Billy Wilson (outlaw)
David Lawrence Anderson (1862 – June 4, 1918) was a 19th-century American outlaw, better known under the alias Billy Wilson, who rode with Billy the Kid following the Lincoln County War. In his later years, he also served as a law enforcement officer and a U.S. customs inspector.
Born in Trumbull County, Ohio, he moved with his family to southern Texas in the early 1870s. Working as a cowboy during his late teens, he moved to White Oaks, New Mexico in 1880 where he became the owner of a local livery stable. Closing his business the following year, he apparently received counterfeit money from the sale and was eventually indicted for passing the money in Lincoln County.
Forced to go on the run, he joined Billy the Kid and his gang rustling cattle in the local area. From February to May 1880, Anderson stole horses from the Mescalero Apache reservation as well as cattle from ranchers on the Colorado River to whom they sold for $10 a head to White Oaks businessman Thomas Cooper. During the summer they also stole cattle from rancher John Newcomb and sold them along with an additional 20 beef cattle to butcher John Singer in Las Vegas, New Mexico.
On November 29, Anderson and Billy the Kid were traveling in the open country near White Oaks when they were suddenly pursued by a local 8-man posse. Both their horses were killed during the chase however they were both able to escape on foot. Later meeting up with Dave Rudabaugh, the three rode into White Oaks the following day and attempted to gun down deputy sheriff James Redman but were forced to flee after a crowd of 30 or 40 local residents took to the streets. He and the others were tracked to a ranch house 40 miles away by a 12-man posse but they managed to escape. During the shootout, deputy sheriff Jimmy Carlyle was killed and their pursuers burned the hideout in frustration following their escape.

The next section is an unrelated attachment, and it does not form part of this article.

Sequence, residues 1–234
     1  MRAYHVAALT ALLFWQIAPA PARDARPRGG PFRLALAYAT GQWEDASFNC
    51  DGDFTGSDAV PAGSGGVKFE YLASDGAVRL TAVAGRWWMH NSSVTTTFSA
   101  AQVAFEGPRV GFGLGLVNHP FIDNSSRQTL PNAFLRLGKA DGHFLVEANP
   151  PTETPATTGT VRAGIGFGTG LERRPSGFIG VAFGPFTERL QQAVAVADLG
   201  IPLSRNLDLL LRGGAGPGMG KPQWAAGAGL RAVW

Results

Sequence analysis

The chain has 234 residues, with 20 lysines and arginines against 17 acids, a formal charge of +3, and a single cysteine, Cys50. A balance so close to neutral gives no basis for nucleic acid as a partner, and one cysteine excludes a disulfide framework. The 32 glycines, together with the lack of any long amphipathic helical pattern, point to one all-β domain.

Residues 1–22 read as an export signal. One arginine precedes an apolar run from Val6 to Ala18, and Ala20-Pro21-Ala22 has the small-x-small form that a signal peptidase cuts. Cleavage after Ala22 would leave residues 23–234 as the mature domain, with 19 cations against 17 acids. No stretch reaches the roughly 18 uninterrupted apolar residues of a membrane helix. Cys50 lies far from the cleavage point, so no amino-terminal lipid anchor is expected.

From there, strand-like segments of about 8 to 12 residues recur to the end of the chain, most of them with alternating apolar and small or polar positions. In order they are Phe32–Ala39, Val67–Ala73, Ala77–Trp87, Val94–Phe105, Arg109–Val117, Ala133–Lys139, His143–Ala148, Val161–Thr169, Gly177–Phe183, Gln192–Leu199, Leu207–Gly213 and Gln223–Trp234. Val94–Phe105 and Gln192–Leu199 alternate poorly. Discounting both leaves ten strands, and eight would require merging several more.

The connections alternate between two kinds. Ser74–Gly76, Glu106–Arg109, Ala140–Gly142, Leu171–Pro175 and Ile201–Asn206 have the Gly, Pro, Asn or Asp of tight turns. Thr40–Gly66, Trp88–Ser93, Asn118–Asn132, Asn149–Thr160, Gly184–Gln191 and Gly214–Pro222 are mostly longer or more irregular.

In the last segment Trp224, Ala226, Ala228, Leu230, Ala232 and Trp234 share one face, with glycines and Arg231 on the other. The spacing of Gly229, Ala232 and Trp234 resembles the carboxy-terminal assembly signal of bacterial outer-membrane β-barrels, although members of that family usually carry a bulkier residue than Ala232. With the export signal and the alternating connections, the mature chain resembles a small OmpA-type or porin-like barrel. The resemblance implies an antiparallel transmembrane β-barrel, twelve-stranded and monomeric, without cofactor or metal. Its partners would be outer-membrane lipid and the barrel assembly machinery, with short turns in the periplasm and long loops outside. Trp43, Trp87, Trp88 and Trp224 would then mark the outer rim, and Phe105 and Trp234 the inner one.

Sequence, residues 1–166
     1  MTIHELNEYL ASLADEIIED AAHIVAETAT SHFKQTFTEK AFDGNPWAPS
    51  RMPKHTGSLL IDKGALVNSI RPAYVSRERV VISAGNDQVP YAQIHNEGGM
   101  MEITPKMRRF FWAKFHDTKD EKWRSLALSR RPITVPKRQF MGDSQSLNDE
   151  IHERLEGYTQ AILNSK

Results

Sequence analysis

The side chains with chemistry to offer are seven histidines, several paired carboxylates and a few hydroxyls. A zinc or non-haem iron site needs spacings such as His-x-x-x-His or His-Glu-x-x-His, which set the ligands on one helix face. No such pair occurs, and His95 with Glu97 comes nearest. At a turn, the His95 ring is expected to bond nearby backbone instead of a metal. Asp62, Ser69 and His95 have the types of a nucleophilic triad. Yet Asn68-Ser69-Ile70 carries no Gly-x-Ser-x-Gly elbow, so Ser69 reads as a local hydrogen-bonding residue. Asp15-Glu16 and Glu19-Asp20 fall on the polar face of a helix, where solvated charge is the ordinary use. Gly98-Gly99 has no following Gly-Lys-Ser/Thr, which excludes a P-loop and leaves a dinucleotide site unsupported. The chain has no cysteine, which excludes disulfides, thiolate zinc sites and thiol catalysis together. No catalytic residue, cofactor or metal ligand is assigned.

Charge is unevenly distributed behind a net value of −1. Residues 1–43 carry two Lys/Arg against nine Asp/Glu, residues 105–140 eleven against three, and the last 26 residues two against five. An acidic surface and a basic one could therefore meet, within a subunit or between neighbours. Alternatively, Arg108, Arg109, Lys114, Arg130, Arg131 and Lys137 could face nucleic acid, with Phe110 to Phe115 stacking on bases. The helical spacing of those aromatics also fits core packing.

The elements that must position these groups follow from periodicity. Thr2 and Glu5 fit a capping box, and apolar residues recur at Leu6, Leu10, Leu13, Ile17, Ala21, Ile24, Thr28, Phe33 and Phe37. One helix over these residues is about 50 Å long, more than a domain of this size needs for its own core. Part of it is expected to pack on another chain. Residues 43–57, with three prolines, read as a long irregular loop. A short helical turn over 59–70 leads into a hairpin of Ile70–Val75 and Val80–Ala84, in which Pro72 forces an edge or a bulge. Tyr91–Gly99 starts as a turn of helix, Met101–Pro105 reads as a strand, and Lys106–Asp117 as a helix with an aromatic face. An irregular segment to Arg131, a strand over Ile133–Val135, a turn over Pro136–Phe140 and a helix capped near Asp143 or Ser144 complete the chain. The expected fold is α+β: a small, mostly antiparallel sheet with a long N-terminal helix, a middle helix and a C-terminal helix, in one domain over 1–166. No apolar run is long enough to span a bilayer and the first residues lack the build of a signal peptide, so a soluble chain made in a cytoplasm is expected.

Following the siege at Stinking Springs (near present-day Taiban, New Mexico), he was arrested with the rest of Billy the Kid's gang after surrendering to Pat Garrett and convicted in December 1880. Anderson later escaped from custody in Santa Fe and escaped to Texas where he lived under his birth name David L. Anderson. Starting a ranch Uvalde County, Texas, he eventually married and had two children. Thanks in part to the efforts of Pat Garrett and others, Anderson received a presidential pardon from President Grover Cleveland in 1896 and worked as a U.S. customs inspector for a time. Serving as sheriff of Terrell County, he was eventually ambushed and killed by cowboy Ed Valentine when he responded to a call at a local saloon in Sanderson. Warned that the suspect was armed, the sheriff knew the man and did not consider him a threat. When he entered the saloon the cowboy shot him, killing him instantly. Later the suspect was shot and killed by a deputy when he stepped outside the building. Sheriff Anderson was well liked by the public, and was buried in Brackettville, Texas, after a very emotional funeral at which many Sanderson citizens were in attendance.
- Neal, Bill. Encyclopedia of Western Gunfighters. Norman: University of Oklahoma Press, 1991. ISBN 0-8061-2335-4
- Otero, Miguel Antonio. The Real Billy the Kid: With New Light on the Lincoln County War. Santa Fe: Sunstone Press, 2006. ISBN 0-86534-547-3
- Downie, Alice Evans. "Terrell County Texas, Its Past, Its People". San Angelo, Texas: Rangel Printing, 1978. Library of Congress Card Number: 78-56979
|Sheriff of Terrell County, Texas
July 7, 1915–June 4, 1918